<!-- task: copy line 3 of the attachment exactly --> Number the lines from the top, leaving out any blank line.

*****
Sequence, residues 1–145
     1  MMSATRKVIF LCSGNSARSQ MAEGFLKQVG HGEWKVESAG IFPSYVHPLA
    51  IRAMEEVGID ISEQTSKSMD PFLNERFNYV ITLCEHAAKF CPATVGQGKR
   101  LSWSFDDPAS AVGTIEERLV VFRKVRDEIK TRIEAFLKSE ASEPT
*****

    51  IRAMEEVGID ISEQTSKSMD PFLNERFNYV ITLCEHAAKF CPATVGQGKR